What you need to know about CompTIA

CompTIA is the largest non-vendor issuer of IT certifications in the world, and the second largest overall after computing giant Microsoft. Each year, CompTIA certifies around 160,000 people and issues hundreds of Trustmarks to channel organizations. Part of CompTIA’s success is that before their existence getting certified as an IT professional was an unwieldy affair.compTIA-IG-1

The bad old days

Back in the 80s, IT certifications were issued by particular manufacturers and were only truly relevant to their systems. While there was some overlap between the certifications, IT workers still had to be certified separately for Dell, Compaq, IBM, Macintosh, and so on. This certification regime was pretty inefficient and costly, forcing IT pros to pay fees to multiple organizations.

CompTIA to the rescue

The Association of Better Computer Dealers (ABCD) was founded in 1982 with the goal of improving the IT industry for all involved. Their influence and importance grew throughout the 1980s and, as ABCD became more and more prominent in the industry, they eventually changed their name to the Computing Technology Industry Association, better known by their acronym CompTIA.

By 1990, CompTIA had worldwide reach and a massive membership. Then, in 1993, CompTIA did something IT professionals had been dreaming about for years. With one fell swoop, they changed the entire IT certification industry by introducing their A+ certification. Unlike previous certifications, CompTIA’s A+ was vendor-neutral and comprehensive, covering a wide range of skills, technologies, and operating systems.

Keeping up with the times

For a quarter of a century, CompTIA has kept the A+ certification relevant by adapting to new developments in the IT industry and the changing needs of their members. The original A+ certification was a single exam designed to assess novice IT technicians with at least 500 hours of experience.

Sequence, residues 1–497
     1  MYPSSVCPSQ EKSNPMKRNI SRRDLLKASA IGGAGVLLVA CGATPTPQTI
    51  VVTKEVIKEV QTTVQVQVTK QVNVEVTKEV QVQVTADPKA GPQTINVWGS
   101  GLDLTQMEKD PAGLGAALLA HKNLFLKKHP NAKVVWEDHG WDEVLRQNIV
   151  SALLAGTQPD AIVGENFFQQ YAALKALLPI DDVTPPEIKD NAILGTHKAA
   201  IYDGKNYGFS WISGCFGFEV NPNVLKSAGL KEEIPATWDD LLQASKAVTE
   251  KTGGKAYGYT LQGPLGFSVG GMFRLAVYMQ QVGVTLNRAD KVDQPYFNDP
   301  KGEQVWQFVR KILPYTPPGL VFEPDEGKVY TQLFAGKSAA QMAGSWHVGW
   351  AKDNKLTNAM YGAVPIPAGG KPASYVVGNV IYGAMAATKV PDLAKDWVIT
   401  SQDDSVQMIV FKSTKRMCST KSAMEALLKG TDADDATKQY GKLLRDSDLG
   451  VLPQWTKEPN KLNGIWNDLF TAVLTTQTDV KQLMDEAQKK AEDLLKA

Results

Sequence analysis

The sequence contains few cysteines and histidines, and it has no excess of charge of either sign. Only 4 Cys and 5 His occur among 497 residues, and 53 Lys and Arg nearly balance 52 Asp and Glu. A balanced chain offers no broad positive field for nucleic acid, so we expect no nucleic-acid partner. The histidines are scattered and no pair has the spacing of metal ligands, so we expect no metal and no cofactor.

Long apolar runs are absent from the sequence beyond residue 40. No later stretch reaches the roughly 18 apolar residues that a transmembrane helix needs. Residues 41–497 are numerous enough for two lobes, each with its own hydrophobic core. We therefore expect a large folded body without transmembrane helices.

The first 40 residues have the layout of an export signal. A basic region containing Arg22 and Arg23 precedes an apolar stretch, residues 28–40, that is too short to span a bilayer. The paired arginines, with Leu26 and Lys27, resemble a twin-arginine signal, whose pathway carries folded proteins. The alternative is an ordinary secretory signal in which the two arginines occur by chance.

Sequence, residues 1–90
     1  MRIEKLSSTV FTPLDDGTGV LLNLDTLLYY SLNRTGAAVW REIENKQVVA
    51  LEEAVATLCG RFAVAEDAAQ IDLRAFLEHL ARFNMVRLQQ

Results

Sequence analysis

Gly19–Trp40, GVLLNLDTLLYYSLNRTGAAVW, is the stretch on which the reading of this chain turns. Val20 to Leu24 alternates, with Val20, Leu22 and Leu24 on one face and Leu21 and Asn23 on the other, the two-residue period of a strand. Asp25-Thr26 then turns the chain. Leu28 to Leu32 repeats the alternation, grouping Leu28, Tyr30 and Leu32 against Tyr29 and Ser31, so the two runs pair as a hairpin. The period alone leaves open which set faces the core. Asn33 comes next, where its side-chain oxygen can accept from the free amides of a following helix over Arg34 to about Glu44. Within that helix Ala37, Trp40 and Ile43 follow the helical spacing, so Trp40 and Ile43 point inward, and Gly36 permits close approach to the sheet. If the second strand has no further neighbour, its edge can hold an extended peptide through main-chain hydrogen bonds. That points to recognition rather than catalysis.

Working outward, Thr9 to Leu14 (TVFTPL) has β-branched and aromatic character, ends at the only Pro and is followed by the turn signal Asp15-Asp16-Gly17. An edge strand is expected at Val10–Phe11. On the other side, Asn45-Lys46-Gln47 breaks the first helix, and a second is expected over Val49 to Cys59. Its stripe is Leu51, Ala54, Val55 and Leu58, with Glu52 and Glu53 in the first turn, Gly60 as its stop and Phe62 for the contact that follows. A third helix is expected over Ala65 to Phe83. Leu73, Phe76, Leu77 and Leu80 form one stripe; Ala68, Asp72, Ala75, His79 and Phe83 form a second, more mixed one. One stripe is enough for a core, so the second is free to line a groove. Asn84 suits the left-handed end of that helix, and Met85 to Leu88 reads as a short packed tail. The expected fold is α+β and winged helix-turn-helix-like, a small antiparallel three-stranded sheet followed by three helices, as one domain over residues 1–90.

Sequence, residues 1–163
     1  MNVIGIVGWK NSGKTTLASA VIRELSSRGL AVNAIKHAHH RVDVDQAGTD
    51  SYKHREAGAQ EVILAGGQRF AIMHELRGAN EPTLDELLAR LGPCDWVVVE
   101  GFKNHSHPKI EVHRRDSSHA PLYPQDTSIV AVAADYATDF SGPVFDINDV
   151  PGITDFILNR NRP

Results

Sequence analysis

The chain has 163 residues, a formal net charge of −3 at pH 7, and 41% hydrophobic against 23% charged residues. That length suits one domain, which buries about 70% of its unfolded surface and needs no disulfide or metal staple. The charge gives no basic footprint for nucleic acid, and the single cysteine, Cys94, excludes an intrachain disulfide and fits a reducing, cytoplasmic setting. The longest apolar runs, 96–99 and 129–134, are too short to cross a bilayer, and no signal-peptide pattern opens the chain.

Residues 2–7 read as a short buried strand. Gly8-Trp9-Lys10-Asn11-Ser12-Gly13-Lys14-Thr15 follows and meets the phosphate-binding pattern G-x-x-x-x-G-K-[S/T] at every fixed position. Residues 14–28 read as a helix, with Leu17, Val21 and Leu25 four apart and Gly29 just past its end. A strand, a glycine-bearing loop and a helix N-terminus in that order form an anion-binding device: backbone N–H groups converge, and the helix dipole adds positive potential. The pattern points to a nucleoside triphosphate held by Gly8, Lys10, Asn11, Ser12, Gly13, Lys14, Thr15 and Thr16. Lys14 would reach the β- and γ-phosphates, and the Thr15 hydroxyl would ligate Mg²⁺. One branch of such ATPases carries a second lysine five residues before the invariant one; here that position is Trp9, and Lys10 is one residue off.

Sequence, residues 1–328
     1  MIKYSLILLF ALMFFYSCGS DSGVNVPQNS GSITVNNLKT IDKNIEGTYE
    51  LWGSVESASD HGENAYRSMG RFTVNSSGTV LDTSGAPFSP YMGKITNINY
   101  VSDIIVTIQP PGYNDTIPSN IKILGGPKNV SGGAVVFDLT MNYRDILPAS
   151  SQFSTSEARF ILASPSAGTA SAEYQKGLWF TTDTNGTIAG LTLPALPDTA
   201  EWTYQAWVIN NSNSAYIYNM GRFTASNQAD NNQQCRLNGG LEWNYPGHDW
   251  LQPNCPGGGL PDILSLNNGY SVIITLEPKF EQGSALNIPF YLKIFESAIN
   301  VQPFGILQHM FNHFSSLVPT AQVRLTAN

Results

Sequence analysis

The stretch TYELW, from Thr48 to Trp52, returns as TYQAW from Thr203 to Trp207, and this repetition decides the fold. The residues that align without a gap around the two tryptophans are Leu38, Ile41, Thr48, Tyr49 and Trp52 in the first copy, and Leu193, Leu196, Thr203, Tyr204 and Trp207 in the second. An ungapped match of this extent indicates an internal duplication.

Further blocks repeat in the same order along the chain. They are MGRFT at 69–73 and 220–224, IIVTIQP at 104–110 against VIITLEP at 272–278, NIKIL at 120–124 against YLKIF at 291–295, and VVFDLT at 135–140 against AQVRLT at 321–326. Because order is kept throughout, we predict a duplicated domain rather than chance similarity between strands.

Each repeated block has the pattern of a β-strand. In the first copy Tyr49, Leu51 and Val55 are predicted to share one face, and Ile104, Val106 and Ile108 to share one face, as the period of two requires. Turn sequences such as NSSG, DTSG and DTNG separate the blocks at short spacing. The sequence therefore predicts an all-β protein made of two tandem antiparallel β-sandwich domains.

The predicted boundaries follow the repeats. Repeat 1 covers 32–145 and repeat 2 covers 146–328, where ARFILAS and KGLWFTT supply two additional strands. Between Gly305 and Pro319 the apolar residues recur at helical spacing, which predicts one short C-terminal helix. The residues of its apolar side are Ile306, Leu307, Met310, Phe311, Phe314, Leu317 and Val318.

As the first certification to cover the whole IT industry, rather than a single vendor, the exam was rigorous. But despite being difficult,  A+ made so much sense as a springboard into the IT profession that it quickly becoming the most popular IT certification in the business. Since then, A+ has gone through three major revisions in 2003, 2006, and 2009.

The Evolution of A+

The first major revision came in 2003 when CompTIA divided the A+ exam into separate sections for hardware and software. This change brought the exam more up to date with changes that occurred in the decade since 1993, but it also made the exam much harder, resulting in a pass rate of less than 10 percent.

In 2006, CompTIA revised the certification again. They updated it to cover new IT developments and also divided the certification into two separate exams, A+ Essentials and an elective exam, either IT Technician test, Remote Support Technician test, or Depot Technician test. This brought the pass rate up to 20 percent.

The final (so far) and biggest overhaul of CompTIA’s A+ certification came in 2009. Previous iteration of A+ had been highly focused on theory with little to no practical application. It was becoming clear that employers wanted IT professionals with more grounding in real-life IT situations, so CompTIA completely overhauled their certification. They eliminated the three elective tests and replaced them with the Practical Application test. A+ Essentials was revised to focus on real-world application and include new technologies such as Windows Vista, Core 2 Duo and the latest hard drives and types of memory. This version of the A+ certification test is still highly regarded by employers today.